So what definition of racism do you hold and is it time to change it?
Things that don’t fit into the traditional definition of racism but may still contribute to it:
Mixing up people who seem to be the same ethnicity
Not bothering to learn an ethnic name, always mispronouncing it, calling them something that’s easier to pronounce, making a show of saying it
Touching a black person’s hair
Asking easily searchable things to the only minority person in your vicinity
Making assumptions based on race
Seeing racism in things that are not racist
Singing the N-word in songs
Calling a black person ‘uppity’
Speaking over a person of colour talking about racism
Bringing up an unrelated race topic while talking to a POC (eg ‘I would’ve voted for Obama for a third term’)
Telling people you watched a minority-led film multiple times, such as Black Panther, Crazy Rich Asians, Get Out
Using the example of a famous POC to deny how racist something is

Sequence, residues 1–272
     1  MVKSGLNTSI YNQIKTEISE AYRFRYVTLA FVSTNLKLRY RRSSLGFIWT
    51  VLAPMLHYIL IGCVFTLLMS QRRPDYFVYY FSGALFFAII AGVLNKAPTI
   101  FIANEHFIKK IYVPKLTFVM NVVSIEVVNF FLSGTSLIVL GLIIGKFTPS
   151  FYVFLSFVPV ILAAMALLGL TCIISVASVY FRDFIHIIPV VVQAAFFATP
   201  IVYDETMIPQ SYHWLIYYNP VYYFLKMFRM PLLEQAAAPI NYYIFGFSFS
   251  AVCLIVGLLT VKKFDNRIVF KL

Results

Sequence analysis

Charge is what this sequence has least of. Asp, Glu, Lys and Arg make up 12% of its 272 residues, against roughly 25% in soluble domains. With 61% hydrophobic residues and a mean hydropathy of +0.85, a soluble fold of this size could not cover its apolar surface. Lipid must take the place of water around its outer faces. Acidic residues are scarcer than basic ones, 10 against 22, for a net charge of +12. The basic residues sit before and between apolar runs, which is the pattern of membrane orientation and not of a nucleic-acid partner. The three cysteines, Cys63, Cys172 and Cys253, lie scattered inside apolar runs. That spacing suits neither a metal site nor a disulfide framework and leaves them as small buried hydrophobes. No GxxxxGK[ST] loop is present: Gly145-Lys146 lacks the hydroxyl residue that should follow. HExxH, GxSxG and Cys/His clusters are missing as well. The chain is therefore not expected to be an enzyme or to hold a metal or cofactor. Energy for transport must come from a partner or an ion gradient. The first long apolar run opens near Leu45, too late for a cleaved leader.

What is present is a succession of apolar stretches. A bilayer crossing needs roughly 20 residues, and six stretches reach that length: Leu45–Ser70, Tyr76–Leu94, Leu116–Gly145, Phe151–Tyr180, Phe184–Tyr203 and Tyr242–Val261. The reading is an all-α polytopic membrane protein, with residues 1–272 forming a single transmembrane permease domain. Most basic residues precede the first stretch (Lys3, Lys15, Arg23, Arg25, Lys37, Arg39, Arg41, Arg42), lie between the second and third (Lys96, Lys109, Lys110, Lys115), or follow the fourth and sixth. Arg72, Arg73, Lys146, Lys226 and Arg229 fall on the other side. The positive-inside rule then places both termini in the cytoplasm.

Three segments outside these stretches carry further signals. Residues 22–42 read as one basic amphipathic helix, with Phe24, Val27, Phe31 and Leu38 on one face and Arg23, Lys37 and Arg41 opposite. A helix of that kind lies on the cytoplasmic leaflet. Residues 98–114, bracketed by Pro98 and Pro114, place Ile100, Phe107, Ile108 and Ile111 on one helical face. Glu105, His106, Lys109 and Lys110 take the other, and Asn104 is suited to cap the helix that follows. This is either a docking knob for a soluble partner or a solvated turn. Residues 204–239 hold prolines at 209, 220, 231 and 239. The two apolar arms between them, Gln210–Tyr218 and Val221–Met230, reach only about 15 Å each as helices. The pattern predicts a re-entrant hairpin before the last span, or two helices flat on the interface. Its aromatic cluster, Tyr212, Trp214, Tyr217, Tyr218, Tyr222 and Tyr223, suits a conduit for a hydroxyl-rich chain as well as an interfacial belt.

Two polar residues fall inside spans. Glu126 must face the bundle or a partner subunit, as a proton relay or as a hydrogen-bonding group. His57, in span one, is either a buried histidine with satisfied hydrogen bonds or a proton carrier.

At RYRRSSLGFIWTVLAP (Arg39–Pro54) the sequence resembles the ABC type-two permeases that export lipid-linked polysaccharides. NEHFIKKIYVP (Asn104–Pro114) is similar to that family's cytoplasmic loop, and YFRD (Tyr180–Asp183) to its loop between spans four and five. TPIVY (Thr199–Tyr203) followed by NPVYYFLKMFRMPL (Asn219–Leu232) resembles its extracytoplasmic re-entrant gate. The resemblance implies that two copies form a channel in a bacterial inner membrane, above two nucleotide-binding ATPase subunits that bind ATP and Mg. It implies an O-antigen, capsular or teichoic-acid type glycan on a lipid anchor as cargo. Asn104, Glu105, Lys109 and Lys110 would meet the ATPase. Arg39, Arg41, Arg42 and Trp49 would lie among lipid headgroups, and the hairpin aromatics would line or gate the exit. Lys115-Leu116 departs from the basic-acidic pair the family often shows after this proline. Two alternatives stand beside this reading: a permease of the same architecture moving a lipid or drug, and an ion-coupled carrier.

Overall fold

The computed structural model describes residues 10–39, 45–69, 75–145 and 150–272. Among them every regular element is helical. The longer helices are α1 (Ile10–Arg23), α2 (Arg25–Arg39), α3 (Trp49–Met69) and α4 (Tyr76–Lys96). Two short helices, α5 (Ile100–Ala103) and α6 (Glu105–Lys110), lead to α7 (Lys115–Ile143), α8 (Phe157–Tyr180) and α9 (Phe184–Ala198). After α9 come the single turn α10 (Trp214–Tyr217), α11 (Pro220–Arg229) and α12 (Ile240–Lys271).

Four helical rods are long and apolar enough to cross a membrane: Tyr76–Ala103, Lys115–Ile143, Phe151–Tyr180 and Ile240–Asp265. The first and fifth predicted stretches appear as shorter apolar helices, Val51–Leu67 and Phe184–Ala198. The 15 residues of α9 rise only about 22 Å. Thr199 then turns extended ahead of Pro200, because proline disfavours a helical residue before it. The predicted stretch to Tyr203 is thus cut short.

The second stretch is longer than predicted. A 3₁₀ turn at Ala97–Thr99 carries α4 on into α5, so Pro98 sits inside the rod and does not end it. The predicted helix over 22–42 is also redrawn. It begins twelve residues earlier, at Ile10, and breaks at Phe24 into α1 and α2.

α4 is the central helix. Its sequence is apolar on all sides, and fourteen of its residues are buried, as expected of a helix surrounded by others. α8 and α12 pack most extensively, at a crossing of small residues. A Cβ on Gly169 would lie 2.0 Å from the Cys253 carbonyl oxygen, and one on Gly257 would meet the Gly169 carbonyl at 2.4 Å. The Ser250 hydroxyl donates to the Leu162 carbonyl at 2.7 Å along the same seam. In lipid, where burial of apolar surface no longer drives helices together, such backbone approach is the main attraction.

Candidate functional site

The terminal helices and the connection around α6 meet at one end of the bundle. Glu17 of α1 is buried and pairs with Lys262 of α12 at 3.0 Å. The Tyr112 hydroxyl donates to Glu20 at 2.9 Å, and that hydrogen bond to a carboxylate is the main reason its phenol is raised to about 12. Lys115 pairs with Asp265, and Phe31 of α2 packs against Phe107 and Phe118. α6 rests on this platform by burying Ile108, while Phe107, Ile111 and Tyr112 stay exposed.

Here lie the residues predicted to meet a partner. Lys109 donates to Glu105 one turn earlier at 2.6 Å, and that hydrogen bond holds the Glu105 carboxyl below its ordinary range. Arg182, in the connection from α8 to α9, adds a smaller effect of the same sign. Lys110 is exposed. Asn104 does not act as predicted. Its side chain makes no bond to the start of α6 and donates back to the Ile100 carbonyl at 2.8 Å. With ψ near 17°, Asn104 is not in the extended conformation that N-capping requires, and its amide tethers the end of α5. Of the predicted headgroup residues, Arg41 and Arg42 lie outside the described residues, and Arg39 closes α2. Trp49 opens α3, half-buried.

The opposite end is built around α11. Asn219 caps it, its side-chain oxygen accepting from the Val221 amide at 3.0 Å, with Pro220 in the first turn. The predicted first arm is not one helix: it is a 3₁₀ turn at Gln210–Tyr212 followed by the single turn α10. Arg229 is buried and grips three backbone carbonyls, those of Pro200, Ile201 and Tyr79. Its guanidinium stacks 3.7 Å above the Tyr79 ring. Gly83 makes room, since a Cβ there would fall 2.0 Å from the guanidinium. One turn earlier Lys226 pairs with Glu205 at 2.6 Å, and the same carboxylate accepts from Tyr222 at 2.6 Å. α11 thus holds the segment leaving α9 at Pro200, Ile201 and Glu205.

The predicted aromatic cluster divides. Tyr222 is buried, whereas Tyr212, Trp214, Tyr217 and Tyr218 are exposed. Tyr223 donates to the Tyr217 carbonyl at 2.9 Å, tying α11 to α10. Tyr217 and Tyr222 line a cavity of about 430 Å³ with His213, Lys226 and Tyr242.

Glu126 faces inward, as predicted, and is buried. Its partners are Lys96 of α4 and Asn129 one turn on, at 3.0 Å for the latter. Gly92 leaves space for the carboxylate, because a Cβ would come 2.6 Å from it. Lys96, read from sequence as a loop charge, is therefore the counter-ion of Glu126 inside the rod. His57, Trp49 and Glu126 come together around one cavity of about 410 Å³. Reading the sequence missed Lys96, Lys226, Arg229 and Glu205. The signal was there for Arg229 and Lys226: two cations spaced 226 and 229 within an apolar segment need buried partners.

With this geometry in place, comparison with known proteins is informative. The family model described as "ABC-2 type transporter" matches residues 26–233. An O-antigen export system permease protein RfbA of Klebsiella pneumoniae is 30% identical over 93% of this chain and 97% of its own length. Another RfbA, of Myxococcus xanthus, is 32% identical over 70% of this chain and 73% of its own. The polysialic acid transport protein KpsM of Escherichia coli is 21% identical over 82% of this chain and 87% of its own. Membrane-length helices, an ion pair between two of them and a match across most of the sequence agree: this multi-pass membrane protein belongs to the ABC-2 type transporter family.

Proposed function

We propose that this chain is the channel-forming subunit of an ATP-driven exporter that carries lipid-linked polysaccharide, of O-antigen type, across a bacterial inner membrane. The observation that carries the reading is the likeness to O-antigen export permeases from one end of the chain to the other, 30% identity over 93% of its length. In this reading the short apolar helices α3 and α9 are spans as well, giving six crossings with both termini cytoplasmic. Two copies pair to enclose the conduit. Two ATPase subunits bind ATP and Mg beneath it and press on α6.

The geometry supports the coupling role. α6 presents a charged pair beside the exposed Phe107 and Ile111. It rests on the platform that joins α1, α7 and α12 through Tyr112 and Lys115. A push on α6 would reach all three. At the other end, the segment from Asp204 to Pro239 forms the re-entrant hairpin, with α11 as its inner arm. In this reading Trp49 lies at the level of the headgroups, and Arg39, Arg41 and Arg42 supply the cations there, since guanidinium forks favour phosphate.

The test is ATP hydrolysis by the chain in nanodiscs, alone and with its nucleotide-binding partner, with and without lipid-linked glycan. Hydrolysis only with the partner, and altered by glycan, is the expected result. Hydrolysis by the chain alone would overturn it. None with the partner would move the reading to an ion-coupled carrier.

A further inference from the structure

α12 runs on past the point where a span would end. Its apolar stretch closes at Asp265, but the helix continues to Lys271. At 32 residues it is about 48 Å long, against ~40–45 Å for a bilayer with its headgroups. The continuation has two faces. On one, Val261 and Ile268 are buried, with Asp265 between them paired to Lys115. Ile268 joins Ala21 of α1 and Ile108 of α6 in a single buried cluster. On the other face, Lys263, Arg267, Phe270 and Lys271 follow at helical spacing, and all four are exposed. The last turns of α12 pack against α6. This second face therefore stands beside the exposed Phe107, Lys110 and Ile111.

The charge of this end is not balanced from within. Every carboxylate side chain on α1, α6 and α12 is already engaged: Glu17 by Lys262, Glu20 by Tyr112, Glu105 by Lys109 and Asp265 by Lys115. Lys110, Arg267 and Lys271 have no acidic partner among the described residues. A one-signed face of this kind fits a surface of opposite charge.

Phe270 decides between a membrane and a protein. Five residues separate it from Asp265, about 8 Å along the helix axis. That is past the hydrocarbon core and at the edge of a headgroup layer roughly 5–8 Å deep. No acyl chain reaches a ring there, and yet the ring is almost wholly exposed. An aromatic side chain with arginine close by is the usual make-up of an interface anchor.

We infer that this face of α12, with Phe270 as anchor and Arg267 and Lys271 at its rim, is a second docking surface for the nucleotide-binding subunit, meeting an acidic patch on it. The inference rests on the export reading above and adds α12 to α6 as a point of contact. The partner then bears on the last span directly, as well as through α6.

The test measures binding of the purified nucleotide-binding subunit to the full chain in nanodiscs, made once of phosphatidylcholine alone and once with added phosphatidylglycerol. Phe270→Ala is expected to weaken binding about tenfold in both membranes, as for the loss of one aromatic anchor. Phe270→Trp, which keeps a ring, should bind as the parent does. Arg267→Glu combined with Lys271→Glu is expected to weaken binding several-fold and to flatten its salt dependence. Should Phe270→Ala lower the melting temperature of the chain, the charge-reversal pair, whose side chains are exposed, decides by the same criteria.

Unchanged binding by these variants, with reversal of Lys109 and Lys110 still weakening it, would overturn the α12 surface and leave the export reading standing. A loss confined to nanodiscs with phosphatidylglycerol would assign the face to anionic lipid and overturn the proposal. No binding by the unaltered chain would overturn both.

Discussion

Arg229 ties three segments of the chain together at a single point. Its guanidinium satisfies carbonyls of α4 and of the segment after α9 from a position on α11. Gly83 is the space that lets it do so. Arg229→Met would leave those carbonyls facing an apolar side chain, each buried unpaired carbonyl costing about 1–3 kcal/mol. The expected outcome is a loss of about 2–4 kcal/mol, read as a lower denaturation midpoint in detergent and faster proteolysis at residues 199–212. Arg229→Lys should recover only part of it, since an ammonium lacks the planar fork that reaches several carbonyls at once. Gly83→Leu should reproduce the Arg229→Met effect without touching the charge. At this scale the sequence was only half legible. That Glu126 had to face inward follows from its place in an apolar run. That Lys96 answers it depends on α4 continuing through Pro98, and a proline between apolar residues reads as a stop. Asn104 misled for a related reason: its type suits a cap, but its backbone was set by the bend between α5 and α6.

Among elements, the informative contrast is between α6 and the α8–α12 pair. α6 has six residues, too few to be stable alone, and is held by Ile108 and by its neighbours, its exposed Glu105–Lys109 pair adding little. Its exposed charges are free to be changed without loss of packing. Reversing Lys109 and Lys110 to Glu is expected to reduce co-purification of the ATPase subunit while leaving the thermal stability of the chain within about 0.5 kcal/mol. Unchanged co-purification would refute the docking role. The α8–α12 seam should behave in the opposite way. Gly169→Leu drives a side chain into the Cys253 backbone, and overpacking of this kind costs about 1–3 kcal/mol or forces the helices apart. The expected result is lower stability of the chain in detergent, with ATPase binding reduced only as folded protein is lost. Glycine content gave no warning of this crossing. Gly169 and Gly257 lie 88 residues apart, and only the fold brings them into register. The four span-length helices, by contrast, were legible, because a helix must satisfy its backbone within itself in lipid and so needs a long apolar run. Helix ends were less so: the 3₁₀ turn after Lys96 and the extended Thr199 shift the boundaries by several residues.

Blackface/cultural appropriation where you ‘borrow’ cultural items as a costume
Denying/being defensive when confronted with the idea of racism
Bringing up someone’s race when it’s not relevant
Referring to ‘the race card’
Not believing that people of colour contribute to society
Covering up racism as ‘opinion’ or ‘freedom of speech’
Asking for evidence when a POC explains their lived experience
Telling someone they’re racist for bringing up race
Thinking you’re privy to racial struggles because you have diverse members in your family/social groups
How has the meaning of racism changed?
The definition of racism we hold today is still pretty much the same one that was established in its earliest use of the word.
The earliest is dated all the way back in 1880, according to the Oxford English Dictionary, when racism was referred to as when ‘we all incline to consider the caucasian superior to the other races of the genus homo’.